And then it sunk its jagged teeth into Pete Sanders five rows behind me, one of the largest amongst us, with great relish. Pete’s juices spilled over its jaws, and he attacked Pete with vile ferocity. I started to quake in fear, I had always thought that I would evade any pests or insects with a (now) false sense of security.

After the bug devoured Pete, it inched slowly, weighed down by its appetizer, and burped a couple of times. It crept four rows behind me, three rows, then two. I whispered to Dick words of encouragement to be strong. Dick had already wet himself with fear, his skin glistening under the moonlight. The bug turned to him and touched him slowly, feeling his body, gauging his tastiness. He started to cry in fits and starts, his courage eroding under the gaze of the bug. All of us prayed for him to get through this, for some miracle to arrive and save us all from this ghastly beast.

And then we heard that familiar deafening roar of a metal bird as it shot through the sky, flying low in the night, leaving behind a trail of smoke that covered the stars. This fearsome predator became a frightened, tittering bug and scurried away into the darkness. We all consoled Dick and said he was very brave. I whispered a word of thanks to all the metal birds in the world that night, bless their timing.

The day finally arrived when I could feel that I would be taken to the Promised Land. I put on my best smile, made my skin glow, pushed my chest out to give it that extra bit of oomph and waited for Father to come by my side. He came slowly, looking over my siblings one by one, calculating if we were the perfect Reds that were fit enough to be dispatched to that otherworldly place. When he came next to me I closed my eyes and prayed that my gut was right. He held me, gave me a once over and then plucked me from my station. I was free, after weeks of being static. I couldn’t wait to see what was next.

We were buzzing in the bag, congratulating each one of our friends that made it in and telling each other our own imagined versions of where we would be going. After the bag was filled to the brim, Father closed it and we waited until it would open again. We knew we were moving on some kind of vessel that was taking us to the Promised Land. The initial energy that we had when the trip started soon dissipating as we grew weary and most of us feel asleep. The ones that didn’t, including me, stayed up to talk about how we would miss Father once we got to the Promised Land, but the pros certainly outweighed the cons.

I woke up in the morning, when the vessel had stopped and the bag was opened. There were five men standing around, picking us out one by one, putting us in different bags, taking us to different places. It looked like the Promised Land was still far away and this was a connection in our journey. I saw Father talking to the men, exchanging colored paper and handshakes. And then I was picked up and thrown into another bag. Father didn’t even say goodbye to us. The man who had taken me was a short, fat man with narrow slits for eyes, nostrils, a mouth and ears. A bit like a squishy ball of clay with lines. I hope he could commandeer his vessel with such small eyes. I missed Father already.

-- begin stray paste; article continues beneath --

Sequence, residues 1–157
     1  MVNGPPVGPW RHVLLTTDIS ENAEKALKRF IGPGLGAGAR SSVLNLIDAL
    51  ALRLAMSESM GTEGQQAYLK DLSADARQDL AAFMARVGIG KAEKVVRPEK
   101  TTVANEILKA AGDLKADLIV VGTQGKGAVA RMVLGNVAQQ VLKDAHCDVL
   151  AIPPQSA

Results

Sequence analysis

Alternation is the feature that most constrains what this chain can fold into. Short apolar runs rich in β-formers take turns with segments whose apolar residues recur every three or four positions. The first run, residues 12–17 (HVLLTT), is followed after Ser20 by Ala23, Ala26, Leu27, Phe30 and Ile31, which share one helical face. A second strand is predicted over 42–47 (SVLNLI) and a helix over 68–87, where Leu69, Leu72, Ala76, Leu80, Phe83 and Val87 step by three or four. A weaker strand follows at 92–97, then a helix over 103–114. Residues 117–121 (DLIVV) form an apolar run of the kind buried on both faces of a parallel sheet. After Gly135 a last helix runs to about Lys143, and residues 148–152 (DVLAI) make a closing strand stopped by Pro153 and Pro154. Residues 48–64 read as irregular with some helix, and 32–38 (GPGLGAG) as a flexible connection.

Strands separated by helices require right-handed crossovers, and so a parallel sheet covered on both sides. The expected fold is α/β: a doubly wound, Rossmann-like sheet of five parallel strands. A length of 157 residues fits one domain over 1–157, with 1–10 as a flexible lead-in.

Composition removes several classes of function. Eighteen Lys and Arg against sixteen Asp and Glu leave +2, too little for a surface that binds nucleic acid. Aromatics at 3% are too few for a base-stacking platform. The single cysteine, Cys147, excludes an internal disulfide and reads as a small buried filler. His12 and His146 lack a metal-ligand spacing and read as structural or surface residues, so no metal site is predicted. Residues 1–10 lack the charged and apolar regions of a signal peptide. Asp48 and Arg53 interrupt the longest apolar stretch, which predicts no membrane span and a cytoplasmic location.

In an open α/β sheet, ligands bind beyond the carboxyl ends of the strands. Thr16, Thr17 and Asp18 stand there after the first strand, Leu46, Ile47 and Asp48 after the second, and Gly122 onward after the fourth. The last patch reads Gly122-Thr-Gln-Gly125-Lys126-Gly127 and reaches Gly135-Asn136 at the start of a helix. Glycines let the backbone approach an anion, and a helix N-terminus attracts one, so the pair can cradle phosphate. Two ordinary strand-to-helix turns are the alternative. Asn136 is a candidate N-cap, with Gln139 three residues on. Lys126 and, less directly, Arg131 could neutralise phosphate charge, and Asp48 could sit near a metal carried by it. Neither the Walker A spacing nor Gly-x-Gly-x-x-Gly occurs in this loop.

In the new bag, I fraternized with children from different fields. They were excited to go to the Promised Land, although some of them called it Paradise, others Heaven and still others Mecca. This next journey was as uneventful as the last, but once the new vessel stopped, all of us froze. This was the moment we had been waiting for for all our lives. We felt the bag being lifted by the Clay Man, and then set down in what we presumed to be our destination, the Best Place on Earth. He opened the bag and started taking us out one by one. We could see a world of white, bright lights, colorful things, and different kinds of children. There were orange, green, purple, brown and yellow ones, but we couldn’t speak their different languages. We were placed together in a box that faced outwards. The cool air of this white world calmed me, it felt better than the hot Sun that I had felt throughout my growth.

We were all placed on top of older, more seasoned Reds who had been there much before us. I asked them if this was really the Promised Land. They scoffed at my words and told us that this was a Supermarket and that we would be picked out by families to be taken to their homes, where we would be a part of their family and be attended to like we were in the fields, that was the actual Promised Land. We had to look our best, those of us that were damaged in transit or had some deformities at birth wouldn’t be selected. I was confident that they would take me, how could they not?

Men, women and children started visiting a couple of hours later, their faces listless and blank, as if this process was a chore instead of an exciting experience to select new members of their family. One by one they went down the sections, picking out the Oranges, and the Yellows and the Greens first and then they came to us. The first couple of women that came to us Reds completely ignored me and instead went for my fatter compatriots. I hadn’t let myself slide into obesity by sucking us extra nutrition when I didn’t need it, I thought I was the right size, and so had Father. But these people were looking for fatter Reds, not fit ones.